For some time now we have been asking a simple question – where are the women in technology? The usual answer is…it’s being worked on. Statistics reveal women in STEM programs continue to be at low levels despite efforts to attract them to the field. Recently, during a SKYPE conversation with students at Carver High School for Engineering and Science, Bill Gates was asked “what is the most effective strategy for high schools to help foster more young women to major in computer science?” His response was that much more needs to be done to encourage young women in the sciences and particular emphasis needs to be directed at reducing the stereotypes associated with the field.
It’s an interesting situation for sure. On the one hand you have young people desperately seeking employment while on the other hand you have a field like cyber security that is begging people to apply for jobs that has salaries that average over $80,000 per year. The government has an estimated 30,000 open cyber positions and as many as 400,000 open positions currently exist in the US at this moment. The employment future looks bright with current estimates that job growth in the field will be at least double…perhaps triple the national average. Right now the field is wide open for women to start building careers that have every indication of taking off.
So…the jobs are there, the pay is great, the future looks bright…but still women avoid the STEM field. Gates is right…the nerd, geek, anti-social image of someone engaged in the sciences needs to be dispelled. In this highly social world of instant gratification and connections, image and perception are everything. We need to encourage female interest in the sciences at an early age with help from teachers, counselors and parents. We also need to model for them the highly successful women in STEM that have risen to positions of power and admiration by their peers—people such as Sherita Ceasar, who won the Women in Technology Award for 2014, newly appointed CTO of the United States, Megan Smith or Sheryl Sandberg, COO at Facebook. These successful women can encourage others to join the STEM field. But like in all fields, newly arrived people need to be encouraged and supported once in the field.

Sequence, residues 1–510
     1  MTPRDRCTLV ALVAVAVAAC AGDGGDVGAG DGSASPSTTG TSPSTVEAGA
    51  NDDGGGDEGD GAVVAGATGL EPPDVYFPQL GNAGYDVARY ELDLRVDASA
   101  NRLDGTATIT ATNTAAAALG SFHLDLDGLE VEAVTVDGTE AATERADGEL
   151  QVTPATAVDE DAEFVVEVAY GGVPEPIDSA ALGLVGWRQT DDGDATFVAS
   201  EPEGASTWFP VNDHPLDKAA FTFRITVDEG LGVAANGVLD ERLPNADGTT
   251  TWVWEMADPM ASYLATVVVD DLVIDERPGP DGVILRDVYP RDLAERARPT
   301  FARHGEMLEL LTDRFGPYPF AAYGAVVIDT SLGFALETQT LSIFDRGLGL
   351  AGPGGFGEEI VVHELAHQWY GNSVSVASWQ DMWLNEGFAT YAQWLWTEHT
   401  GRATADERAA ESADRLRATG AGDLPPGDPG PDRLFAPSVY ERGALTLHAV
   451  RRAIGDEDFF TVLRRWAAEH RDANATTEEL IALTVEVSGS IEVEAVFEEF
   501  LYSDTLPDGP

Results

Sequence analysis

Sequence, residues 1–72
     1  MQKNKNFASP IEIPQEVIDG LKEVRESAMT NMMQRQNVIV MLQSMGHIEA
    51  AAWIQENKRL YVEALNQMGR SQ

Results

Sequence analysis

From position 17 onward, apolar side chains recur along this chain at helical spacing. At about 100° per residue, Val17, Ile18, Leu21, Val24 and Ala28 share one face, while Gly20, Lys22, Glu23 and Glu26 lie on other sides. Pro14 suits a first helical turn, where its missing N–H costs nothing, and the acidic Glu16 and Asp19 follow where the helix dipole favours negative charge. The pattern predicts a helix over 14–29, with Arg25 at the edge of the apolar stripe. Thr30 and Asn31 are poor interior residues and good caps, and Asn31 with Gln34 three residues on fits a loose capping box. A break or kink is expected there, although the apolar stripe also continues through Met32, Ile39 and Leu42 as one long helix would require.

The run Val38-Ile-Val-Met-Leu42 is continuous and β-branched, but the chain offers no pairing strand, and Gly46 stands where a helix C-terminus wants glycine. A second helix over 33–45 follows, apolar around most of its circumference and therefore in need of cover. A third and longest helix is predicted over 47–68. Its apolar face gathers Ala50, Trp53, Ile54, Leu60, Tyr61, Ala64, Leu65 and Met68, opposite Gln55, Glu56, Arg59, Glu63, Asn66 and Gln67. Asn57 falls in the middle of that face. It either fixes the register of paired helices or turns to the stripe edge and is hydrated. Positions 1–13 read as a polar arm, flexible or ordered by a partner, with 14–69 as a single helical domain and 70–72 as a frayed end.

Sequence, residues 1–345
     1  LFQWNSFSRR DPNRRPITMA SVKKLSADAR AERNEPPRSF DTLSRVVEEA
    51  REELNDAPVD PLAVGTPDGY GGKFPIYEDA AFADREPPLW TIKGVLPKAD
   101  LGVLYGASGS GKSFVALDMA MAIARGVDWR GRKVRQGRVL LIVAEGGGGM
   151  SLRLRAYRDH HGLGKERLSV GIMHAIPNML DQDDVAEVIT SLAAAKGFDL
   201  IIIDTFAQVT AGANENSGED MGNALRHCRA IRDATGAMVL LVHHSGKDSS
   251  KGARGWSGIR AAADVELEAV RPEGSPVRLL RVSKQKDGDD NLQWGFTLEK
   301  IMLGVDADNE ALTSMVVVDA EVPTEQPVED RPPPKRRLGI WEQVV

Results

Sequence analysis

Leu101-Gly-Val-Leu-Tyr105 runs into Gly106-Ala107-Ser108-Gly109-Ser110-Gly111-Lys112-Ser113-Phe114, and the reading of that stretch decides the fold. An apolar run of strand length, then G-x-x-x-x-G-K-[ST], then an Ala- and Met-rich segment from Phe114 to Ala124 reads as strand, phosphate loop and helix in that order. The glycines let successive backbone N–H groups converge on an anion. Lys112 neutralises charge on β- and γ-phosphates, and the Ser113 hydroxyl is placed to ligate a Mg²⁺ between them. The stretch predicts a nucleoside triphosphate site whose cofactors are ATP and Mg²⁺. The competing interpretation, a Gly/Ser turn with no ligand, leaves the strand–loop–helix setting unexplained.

We have made some success in developing programs that encourage women to join STEM, but much more needs to be done. Today is a great day to start that movement.
We invite you to join NCI’s Initiative for Women in Cyber Security…an initiative offering skills training, identifying best practices in the field, to help understand and influence perceptions of women in the cyber security field. A dedicated group of women have joined together with NCI to raise awareness and change the image in the field to open opportunities to today’s women and to get those girls still in middle and high into the security field to build a strong cyber career.
Watch for our monthly blogs and webinars dedicated to making a difference for women in cyber security!
Student asks Bill Gates: Where are the women in technology?
Women in Tech: The Essential Winter News Review